Shifting retirement funds for a higher yield

Q In my tax-deferred 403(b) retirement account I hold a low-yielding mutual fund that is part of a fund group that has turned in terrible returns the past few years. If I withdraw the funds, I will owe capital gains taxes plus a tax penalty. What can I do to increase my earnings on this account?

R.S., Boston

A You have several choices, fund experts say.

You can shift all or part of your assets to the best-performing fund in your current fund group, provided the new fund is expected to continue to post gains.

Another option is to move your assets into a money-market account within the current fund group.

Finally, if all else fails, have your employer stop posting new monies to the account and then ask another fund group linked to your 403(b) plan to undertake a direct transfer (rollover) of your money into their fund group.

Under this scenario, be sure you do not take direct possession of the money to avoid a tax penalty.

Q A few years ago the school where I taught let me set aside a pretax portion of my paycheck for medical-related expenses. I was planning to purchase hearing aids. Since it doesn't pay for me to itemize deductions, this plan amounted to a substantial tax savings.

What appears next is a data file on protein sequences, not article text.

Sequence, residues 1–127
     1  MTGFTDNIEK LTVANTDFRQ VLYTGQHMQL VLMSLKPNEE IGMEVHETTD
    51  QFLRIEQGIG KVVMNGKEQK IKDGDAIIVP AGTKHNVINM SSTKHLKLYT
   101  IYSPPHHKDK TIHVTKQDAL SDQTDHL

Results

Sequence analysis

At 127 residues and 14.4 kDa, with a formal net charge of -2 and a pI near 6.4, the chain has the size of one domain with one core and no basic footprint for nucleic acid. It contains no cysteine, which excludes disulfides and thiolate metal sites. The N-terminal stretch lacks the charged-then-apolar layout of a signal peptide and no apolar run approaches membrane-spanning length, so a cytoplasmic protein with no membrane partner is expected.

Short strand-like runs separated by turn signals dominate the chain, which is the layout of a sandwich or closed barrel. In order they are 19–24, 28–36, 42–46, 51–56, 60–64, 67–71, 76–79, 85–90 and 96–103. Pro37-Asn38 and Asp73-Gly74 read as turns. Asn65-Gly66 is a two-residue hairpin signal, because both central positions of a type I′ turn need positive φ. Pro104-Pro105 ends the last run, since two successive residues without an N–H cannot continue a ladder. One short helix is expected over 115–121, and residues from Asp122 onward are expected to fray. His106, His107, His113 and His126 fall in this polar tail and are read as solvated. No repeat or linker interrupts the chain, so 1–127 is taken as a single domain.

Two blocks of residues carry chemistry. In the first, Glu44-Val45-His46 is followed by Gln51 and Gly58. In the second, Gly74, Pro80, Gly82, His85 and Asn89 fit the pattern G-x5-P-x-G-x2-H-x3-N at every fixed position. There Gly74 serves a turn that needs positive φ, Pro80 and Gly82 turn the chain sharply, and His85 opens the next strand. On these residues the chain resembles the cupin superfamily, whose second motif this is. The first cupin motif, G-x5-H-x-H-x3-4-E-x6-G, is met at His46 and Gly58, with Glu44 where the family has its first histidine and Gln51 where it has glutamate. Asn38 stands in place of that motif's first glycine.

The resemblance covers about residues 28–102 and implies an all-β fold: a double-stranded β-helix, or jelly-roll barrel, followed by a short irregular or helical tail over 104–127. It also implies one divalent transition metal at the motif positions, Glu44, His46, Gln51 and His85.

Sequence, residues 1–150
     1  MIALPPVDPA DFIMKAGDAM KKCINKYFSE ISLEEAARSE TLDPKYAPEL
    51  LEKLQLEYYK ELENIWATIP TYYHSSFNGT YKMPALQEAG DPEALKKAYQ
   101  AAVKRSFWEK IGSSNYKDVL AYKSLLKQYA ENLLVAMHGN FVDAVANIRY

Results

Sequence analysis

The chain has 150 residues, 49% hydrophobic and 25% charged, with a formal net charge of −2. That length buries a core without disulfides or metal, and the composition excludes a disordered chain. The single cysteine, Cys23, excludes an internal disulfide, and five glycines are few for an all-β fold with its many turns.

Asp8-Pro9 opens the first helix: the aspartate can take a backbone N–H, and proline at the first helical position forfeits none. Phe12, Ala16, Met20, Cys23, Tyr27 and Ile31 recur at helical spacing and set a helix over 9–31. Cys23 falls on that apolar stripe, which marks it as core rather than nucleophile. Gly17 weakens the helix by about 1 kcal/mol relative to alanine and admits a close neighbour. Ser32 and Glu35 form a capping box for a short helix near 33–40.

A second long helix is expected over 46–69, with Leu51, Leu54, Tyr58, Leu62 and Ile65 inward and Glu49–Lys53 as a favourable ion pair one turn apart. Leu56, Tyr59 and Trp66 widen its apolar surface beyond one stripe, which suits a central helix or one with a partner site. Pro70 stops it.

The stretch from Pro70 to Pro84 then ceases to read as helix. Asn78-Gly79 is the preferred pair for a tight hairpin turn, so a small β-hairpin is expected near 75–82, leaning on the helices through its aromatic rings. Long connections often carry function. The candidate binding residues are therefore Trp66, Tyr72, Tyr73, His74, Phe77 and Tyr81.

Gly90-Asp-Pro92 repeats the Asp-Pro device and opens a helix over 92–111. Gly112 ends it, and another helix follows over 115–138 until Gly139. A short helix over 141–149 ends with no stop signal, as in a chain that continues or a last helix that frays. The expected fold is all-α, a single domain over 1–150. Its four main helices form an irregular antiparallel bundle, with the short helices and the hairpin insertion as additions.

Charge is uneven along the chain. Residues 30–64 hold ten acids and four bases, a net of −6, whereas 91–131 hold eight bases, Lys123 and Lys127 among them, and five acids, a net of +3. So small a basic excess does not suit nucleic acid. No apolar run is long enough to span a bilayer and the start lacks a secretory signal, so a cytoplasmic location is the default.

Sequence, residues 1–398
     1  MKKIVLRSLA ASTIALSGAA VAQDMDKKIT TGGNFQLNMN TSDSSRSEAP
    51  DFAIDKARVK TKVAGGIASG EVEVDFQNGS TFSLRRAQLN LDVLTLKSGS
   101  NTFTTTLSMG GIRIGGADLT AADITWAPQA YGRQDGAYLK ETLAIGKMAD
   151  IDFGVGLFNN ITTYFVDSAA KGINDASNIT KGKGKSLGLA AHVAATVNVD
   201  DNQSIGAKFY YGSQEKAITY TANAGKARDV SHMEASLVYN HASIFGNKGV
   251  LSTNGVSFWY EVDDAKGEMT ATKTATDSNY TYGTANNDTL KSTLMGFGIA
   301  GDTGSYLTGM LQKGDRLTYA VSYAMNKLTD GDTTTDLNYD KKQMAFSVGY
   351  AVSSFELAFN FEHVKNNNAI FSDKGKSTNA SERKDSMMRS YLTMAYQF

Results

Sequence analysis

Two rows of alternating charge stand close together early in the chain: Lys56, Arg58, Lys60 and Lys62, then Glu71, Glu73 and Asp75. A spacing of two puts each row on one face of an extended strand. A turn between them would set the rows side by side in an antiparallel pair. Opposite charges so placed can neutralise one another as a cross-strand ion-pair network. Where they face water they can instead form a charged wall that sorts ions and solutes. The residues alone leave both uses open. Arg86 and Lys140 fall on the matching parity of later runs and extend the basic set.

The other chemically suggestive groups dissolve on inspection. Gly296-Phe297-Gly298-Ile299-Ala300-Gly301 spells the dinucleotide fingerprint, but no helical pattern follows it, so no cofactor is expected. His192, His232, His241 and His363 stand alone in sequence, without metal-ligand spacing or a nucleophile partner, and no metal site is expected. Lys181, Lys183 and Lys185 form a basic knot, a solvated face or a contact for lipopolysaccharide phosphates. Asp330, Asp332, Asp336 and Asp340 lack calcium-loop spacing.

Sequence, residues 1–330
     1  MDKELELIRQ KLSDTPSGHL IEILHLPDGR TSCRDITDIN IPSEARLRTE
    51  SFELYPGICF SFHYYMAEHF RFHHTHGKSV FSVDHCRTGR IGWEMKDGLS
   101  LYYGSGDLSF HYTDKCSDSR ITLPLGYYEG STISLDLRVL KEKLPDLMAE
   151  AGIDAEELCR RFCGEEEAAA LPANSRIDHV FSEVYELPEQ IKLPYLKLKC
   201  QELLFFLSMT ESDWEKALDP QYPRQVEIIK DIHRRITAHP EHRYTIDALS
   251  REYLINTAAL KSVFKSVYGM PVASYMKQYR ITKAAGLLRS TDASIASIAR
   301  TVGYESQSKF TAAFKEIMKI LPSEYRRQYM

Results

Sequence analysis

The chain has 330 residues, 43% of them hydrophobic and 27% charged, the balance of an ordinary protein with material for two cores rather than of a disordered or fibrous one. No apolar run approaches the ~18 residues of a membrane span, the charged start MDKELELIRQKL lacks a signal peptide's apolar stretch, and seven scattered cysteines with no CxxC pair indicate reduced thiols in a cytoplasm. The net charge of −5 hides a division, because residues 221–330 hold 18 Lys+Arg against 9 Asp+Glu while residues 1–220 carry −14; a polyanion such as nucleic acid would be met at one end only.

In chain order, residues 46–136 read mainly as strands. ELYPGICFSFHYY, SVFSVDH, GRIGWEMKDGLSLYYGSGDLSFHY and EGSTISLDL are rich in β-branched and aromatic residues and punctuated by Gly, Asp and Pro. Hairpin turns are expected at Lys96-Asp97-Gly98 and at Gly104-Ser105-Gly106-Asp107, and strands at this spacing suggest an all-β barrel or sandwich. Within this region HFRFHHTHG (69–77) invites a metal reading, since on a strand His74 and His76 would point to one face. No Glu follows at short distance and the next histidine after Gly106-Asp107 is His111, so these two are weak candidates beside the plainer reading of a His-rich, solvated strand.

I have since switched schools, and my current employer does not offer medical-savings accounts. Can an insurance company or financial institution like a credit union or bank offer me such a plan? Or is this only available through one's employer?

D.O., Sarasota, Fla.

A Only your employer can offer pretax medical-savings plans, says Joe Walshe, a partner with accounting firm Price Waterhouse Coopers, in Tyson's Corner, Va. You may be able to find a similar plan on your own, but you would not qualify for a pretax deduction.

Instead, you could get a private-insurance plan which you could pay for on your own. It would be subject to the medical/dental deduction rule, which is that such expenses must total more than 7.5 of your adjusted gross income before you can take a deduction.

Bottom line: Urge your new employer to set up a pretax medical-deduction plan.

Questions about finances? Write:

Guy Halverson

The Christian Science Monitor

500 Fifth Ave., Suite 1845

New York, NY 10110


(c) Copyright 2000. The Christian Science Publishing Society

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